When your savings-focused resolutions are rooted in a “why” they’re much easier to stick to.

2. Pay down your debt

Debt is the worst. In all seriousness, debt has some serious psychological effects. Debt restricts our choices. It leaves us feeling anxious, full of self-doubt, and it brings a variety of negative emotions that can manifest as physical pain. That’s right — your debt can make you sick! If that’s not reason enough to get it paid off this year, I’m not sure what is.

What goes wrong

Debt really does a number on our motivation. We make the minimum payments every month, which barely makes a dent in what you owe and can cost you thousands of dollars in interest, or we handcuff ourselves to the original 10-year repayment plan we signed up for. The truth is, even when we want to pay down our debt, there’s always going to be another way to spend any “extra” funds in your budget – you have to make debt repayment a priority.

How you can make it happen

Debt repayment is all about having a strategy. When you have a plan in place and you’re able to automate as much of it as possible, you’re setting yourself up for success. Grab a pencil and paper and list out all of your debt — then decide how you want to tackle it. You can either pay down your debts in order of total balance, or you can focus on your debt with the highest interest rate first.

Typically, focusing on paying down the highest-interest-rate loans first is your best financial move here. However, I also believe “small wins” can motivate you to continue paying down debt. So, if you need to knock out a few of your smaller debts first to feel like you have some momentum, do that! Your debt payoff plan needs to be unique to you.

Once you decide what order you want to pay down your debt, set automated payments up to stay on track! When you take yourself out of the equation each month with automated payments, you’re less likely to skip “extra” payments in favor of something more exciting than knocking out your student loans or credit card debt.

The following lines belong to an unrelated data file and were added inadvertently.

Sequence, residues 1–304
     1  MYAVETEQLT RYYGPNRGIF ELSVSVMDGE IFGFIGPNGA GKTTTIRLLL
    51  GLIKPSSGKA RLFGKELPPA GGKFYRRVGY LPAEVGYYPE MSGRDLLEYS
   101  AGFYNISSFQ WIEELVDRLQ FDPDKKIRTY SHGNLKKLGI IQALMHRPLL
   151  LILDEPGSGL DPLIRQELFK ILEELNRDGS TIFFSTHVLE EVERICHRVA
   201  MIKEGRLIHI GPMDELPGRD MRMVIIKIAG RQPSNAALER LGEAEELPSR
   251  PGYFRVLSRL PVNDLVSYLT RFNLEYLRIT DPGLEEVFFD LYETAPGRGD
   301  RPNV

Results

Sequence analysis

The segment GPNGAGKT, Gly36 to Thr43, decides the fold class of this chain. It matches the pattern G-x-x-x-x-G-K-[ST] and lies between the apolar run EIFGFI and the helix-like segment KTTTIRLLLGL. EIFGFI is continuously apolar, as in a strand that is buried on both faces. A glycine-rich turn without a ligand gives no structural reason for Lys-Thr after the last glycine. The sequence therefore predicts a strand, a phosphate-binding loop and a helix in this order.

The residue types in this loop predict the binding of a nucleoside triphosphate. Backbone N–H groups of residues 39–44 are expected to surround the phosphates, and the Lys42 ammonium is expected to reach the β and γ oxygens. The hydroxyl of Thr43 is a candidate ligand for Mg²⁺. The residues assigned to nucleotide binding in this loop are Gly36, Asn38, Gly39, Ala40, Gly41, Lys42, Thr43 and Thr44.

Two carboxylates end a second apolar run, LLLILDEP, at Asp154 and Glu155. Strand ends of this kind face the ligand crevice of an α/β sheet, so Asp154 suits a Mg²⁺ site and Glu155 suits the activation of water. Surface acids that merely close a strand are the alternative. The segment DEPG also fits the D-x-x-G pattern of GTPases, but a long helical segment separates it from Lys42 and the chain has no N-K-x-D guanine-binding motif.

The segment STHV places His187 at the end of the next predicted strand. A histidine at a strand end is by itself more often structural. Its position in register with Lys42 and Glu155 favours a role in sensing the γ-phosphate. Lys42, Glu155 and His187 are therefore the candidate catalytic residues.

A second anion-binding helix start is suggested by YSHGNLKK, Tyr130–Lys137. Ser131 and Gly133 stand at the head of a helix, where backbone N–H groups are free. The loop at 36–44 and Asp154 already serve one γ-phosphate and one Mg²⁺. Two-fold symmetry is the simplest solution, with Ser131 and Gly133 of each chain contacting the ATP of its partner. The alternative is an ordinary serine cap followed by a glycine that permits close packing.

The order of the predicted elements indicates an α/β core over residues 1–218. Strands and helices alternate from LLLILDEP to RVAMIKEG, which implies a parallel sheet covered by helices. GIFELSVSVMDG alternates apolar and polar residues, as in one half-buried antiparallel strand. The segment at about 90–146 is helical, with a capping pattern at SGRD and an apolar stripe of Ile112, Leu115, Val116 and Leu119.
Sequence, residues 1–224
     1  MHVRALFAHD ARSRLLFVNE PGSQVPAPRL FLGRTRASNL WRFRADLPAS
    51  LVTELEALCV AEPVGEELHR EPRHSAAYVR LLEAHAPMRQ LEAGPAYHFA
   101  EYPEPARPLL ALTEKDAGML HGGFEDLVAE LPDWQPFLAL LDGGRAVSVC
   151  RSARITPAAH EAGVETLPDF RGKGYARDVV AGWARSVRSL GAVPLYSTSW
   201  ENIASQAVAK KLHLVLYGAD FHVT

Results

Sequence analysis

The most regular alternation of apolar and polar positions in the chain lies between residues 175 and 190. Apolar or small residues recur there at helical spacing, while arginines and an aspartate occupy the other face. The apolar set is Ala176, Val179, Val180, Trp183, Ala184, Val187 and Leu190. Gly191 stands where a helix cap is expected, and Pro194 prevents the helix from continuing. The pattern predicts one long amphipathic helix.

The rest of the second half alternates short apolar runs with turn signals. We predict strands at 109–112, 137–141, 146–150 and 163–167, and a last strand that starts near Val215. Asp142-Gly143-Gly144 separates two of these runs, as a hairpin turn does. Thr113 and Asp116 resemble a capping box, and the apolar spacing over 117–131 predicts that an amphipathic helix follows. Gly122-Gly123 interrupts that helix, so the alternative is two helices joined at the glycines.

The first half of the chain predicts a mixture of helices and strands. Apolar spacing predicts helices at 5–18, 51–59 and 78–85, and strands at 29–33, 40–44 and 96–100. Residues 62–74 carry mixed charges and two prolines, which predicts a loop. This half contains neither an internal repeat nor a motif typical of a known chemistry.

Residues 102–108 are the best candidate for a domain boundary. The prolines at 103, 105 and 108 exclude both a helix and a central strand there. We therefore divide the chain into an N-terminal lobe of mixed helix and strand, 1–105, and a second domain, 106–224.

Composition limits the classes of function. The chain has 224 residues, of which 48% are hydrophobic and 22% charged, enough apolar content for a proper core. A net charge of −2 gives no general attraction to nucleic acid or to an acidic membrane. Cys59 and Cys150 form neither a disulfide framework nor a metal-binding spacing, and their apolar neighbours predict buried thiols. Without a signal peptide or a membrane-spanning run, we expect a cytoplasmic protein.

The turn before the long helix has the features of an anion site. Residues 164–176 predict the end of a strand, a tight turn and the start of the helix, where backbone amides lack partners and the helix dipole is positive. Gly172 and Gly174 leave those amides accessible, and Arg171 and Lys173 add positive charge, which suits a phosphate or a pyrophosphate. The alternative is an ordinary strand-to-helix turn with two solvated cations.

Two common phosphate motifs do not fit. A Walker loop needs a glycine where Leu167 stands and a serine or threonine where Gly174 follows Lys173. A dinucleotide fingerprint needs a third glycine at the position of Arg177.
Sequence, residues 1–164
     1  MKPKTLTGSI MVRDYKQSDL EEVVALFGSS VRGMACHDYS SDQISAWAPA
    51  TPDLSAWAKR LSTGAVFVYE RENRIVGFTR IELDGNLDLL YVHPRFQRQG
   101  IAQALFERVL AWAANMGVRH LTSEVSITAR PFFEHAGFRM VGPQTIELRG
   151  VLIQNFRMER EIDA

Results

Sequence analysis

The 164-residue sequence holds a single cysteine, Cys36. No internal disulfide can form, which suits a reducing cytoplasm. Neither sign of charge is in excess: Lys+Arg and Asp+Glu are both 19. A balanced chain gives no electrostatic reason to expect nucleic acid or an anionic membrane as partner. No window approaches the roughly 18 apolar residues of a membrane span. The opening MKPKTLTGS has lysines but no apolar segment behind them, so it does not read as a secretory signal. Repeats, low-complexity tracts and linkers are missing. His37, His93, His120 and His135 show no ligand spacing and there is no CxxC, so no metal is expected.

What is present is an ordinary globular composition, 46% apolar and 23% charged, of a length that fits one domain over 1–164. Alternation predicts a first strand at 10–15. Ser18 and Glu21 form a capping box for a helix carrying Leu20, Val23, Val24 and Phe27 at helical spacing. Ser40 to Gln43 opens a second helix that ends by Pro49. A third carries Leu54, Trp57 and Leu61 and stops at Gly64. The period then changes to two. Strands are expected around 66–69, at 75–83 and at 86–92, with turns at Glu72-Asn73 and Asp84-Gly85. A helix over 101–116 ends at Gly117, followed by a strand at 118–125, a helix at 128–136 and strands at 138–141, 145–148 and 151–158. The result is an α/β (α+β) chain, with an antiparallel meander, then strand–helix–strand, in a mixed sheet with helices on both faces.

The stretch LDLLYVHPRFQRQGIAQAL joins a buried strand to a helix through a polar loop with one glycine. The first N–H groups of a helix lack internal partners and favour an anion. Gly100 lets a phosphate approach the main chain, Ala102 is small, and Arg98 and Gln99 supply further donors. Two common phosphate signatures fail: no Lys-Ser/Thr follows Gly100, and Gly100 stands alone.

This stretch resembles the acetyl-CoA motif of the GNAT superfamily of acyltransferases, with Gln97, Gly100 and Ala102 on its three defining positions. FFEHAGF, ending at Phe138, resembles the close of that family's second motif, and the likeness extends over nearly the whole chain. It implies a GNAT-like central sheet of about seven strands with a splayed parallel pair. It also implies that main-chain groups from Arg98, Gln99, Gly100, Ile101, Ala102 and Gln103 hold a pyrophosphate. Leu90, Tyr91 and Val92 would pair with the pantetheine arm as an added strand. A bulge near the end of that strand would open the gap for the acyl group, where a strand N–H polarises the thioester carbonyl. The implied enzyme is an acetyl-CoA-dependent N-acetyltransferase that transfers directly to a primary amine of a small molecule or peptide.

3. Spending

Over-spending is a challenge that everyone faces at some point. The end of the year is often one of those times when you abandon your budget for seasonal spending — and the new year is a great time to right the ship.

What goes wrong

Budgeting is one of the most frustrating financial “to-do’s” that people try to tackle, and I honestly think it’s because society at large overcomplicates the process. Every available budgeting app has you track each line item to the penny.

How you can make it happen

Let’s simplify things. Whether you’re getting ready to purchase a home, or you’re wanting to curb your spending in other areas, try to narrow your budget down to a few broad categories:

  • Charitable giving
  • Saving
  • Debt repayment
  • Necessary expenses (housing, etc.)
  • Everything else

From there, set your priorities. Don’t overthink tracking every last penny. Work in broad percentages, automate savings, bill payments and any extra debt payments you want to prioritize, then allocate the rest of your spending according to what matters most to you!

Need help?

Talking through your financial goals with your family, friends, or a financial planner can help you to vocalize what you want — and motivate you to continue working toward your best financial life.